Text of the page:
Sheldon Freedman, a former arts administrator and resident of The Villages, Florida, knew very little about Alzheimer’s disease when he was diagnosed with a mild form of the disease at age 84. Like many others, he knew the primary symptoms of Alzheimer’s disease: progressive memory loss, shortened attention span, and difficulty organizing thoughts. However, he desired to learn more and also hoped to slow or reduce the development of his disease. Then he heard about a clinical trial of a new potential medication for Alzheimer’s disease being conducted at Charter Research. After exploring the opportunity, he decided to participate in the clinical trial. We asked Mr. Freedman about his clinical trial experience and what he learned along the way.

How did you first decide to enroll in a clinical trial?

I was diagnosed with mild Alzheimer’s disease around April 2019. My wife noticed that sometimes I was forgetting words. I was still cognitive and saying full sentences, but we knew something was wrong. Then, I think it was maybe June of 2020, when I read an ad from Charter Research in our local newspaper here (The Villages Daily Sun). I called them and ended up speaking to one of the staff. They needed people aged 50-85 to participate. I guess I was one of the few people who showed up there that was 85 years old and cognitive enough to be able to participate. They understood that I have what’s called mild or moderate Alzheimer’s disease. They asked me to come in to take a series of diagnostic tests to see what was actually going on with my memory and my ability to function properly. Based on all those tests, I qualified to join the study. It took about a month to be vetted, and then they told me, “Okay, come on in.” They explained to me in depth what this trial for Alzheimer’s was about and that it would take about six months.

Were you at all nervous to sign up for the trial?

For starters, I was not nervous. I felt this was something I could qualify for and that the staff seemed to be very professional. They weren’t leading me into no man’s land, and they talked me through every EKG, MRI, and PET scan. I had no qualms at all, putting myself into their hands. They really took good care of me. There was a series of screening questions about suicide, though, that really threw me. I was asked a series of questions like: “Have you ever thought about killing yourself? Have you ever asked anybody else to assist you in killing yourself?” That really, really, really threw me. At the moment, you know, I was kind of upset. But they explained that they understood my feelings and had to ask these questions because it was one of their parameters to know what someone was dealing with.

What other questions did they ask?

Every time you come in, they ask you the same series of questions and exercises. For example, I was asked to listen to this short series of sentences and repeat back as much as I could remember. I was pretty good at all this, you know. I wasn’t a smartass; I just was able to do what they asked me to do. I did notice, though, that towards the end my answers were getting slightly worse.

What did the treatment entail?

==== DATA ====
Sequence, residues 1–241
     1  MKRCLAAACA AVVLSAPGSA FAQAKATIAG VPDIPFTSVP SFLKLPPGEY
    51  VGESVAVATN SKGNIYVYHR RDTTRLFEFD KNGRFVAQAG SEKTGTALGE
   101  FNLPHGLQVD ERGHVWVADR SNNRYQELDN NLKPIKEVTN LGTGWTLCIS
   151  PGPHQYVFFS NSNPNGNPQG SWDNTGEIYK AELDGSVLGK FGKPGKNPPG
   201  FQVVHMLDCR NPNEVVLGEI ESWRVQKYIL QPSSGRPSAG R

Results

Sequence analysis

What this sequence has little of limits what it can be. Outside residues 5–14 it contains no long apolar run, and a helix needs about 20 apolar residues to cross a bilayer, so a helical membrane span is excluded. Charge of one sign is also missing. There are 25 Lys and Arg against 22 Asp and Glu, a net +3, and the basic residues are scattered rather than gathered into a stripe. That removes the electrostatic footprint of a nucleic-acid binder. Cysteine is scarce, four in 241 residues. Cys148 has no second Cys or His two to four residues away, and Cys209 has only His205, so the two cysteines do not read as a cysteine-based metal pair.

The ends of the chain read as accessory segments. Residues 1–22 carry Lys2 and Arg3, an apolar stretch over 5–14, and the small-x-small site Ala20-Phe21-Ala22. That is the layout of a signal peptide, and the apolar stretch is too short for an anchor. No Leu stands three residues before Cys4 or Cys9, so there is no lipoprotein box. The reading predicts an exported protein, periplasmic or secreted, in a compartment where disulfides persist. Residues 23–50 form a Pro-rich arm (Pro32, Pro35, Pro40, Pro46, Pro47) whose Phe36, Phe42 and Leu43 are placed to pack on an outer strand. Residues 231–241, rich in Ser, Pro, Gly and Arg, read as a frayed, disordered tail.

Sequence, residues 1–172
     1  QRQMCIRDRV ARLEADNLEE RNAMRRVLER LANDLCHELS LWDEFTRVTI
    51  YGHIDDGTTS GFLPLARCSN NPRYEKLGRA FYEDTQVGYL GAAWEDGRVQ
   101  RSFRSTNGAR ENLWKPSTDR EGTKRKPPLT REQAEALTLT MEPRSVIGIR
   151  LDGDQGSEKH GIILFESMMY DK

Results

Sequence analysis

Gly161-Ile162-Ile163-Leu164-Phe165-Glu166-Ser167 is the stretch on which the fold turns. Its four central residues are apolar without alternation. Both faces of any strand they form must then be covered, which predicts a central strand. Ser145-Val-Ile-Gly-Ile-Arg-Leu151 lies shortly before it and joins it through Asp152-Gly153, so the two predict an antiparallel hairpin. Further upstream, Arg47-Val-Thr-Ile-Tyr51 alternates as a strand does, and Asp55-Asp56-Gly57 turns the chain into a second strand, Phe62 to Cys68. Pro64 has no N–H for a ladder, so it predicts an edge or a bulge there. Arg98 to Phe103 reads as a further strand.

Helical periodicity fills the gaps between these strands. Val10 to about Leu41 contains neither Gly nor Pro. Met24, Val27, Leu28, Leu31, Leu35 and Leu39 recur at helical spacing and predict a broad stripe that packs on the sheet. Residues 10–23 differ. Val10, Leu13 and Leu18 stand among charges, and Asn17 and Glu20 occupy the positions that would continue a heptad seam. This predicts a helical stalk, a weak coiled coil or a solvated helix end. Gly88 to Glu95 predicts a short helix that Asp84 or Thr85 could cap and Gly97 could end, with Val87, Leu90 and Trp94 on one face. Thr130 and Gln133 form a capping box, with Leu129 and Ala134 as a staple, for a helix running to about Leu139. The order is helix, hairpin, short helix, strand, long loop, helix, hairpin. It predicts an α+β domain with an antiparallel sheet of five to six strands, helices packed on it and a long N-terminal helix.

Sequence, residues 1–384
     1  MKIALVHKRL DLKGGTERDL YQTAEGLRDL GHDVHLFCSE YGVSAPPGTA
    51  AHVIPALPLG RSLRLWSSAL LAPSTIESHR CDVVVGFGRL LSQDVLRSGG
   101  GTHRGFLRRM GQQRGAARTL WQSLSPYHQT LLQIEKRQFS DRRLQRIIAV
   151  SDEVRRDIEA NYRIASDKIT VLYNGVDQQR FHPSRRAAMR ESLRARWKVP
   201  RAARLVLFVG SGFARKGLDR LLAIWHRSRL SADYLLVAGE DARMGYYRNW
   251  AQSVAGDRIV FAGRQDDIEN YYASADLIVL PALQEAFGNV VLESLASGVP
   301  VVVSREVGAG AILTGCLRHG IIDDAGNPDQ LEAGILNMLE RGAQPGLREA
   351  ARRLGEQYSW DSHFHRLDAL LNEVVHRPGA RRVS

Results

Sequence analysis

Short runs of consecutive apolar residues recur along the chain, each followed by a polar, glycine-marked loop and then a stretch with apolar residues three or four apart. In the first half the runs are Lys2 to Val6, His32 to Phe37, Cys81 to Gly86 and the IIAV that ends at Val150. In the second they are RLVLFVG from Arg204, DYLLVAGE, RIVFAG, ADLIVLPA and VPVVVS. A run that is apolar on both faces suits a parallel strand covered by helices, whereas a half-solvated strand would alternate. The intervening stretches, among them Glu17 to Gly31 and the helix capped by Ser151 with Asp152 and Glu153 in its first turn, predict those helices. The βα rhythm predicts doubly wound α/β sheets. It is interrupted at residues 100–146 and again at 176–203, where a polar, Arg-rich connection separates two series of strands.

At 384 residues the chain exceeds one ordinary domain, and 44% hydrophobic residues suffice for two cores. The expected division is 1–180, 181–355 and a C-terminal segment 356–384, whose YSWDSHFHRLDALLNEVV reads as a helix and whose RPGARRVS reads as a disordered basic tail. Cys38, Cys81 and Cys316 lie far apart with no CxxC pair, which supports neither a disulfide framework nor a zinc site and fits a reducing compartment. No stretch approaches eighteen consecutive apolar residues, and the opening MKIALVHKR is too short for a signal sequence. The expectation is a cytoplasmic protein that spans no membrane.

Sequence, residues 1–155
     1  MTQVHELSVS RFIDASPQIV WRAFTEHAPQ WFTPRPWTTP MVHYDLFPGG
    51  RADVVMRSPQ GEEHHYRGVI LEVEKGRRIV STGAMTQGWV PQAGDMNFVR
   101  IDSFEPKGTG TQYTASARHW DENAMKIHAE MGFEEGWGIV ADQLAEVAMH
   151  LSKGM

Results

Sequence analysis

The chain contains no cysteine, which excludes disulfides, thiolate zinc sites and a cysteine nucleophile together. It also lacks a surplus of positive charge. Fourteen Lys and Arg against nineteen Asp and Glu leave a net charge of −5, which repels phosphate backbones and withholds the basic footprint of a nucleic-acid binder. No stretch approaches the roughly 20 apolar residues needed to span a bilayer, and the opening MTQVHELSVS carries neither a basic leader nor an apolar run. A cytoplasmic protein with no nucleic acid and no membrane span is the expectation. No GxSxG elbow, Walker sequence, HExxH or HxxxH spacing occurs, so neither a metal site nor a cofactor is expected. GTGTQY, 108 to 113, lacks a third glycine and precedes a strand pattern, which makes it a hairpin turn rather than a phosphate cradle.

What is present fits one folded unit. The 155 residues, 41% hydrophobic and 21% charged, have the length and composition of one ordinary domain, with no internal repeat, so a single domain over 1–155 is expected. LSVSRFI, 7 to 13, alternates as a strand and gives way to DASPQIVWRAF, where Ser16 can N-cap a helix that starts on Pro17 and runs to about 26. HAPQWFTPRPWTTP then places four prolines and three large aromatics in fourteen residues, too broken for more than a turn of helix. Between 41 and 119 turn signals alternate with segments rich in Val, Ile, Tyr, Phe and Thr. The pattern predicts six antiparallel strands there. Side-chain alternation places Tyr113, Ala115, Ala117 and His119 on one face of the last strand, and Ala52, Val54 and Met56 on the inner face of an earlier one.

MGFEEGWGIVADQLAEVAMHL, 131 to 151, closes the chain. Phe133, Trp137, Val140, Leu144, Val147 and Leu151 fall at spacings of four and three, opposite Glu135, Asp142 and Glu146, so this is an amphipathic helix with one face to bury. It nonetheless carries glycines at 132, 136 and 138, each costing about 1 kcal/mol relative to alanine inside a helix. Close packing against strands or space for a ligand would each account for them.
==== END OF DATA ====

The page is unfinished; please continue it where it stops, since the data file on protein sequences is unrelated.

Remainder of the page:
I did my treatment in an overnight clinic. They put a needle in my arm and injected me with a serum – I didn’t know if it was the real thing or a placebo. That’s the way the study is designed. They did tell me the study was to look for any effect on the amyloid plaque in my brain. Everything was timed, and they asked me how I felt from second to second. I had no reaction to the injection. I also did a lumbar puncture – I didn’t know what a lumbar puncture was, but the doctor explained everything clearly. They used a needle to take a small amount of my spinal fluid to measure how much amyloid plaque is in my brain. My first study drug dosage was September 2020 and my second dosage was October 2020. I had 14 visits after that, including three lumbar punctures, two MRIs, and one pet scan.

What’s next?

Charter Research asked me to participate in another study that’s starting now, so I’ll do the screening process this spring to see if I qualify. This study is what they call phase three. I’m 85 and I’m still going strong!

Do you know if you’ll be getting the drug or placebo?

They’re saying that I have a fifty-fifty chance of getting the drug. I have also been told that if I get the placebo, then after the trial, if the drug has proved successful, that I’ll have access to the drug. Let’s hope it works!

What was your goal going into this process?

Well, I tell you, it goes back to something I said at the beginning. My overall goal was to determine the specifics of my disease. I wanted to know, for my own self reasoning, where I am in this old ballgame of Alzheimer’s. I’m glad I did it. Because I now know where I stand, that my dementia has maybe escalated a small amount, but that I don’t have severe dementia. And I know that maybe I’ll be helping people by going through this study. Maybe I’d be helping others. And helping myself too.

Knowing what you do now, would you ever go back and do it again?

Yes, absolutely. I made a decision, I wanted to know more about myself and what’s going on in my brain. I cannot say enough for the staff at Charter Research. My wife and I had a really good working relationship with the staff. We really did. I trusted them implicitly and knew I was being taken care of properly. Nothing was being done that I would be subject to regretting later. You know, they even made me a birthday cake. At first, I just went to see what was going on with my brain. But when we left, we all were almost like family.

If you’d like to explore the opportunity of participating in a clinical trial for Alzheimer’s disease, call Charter Research at 352-775-1000.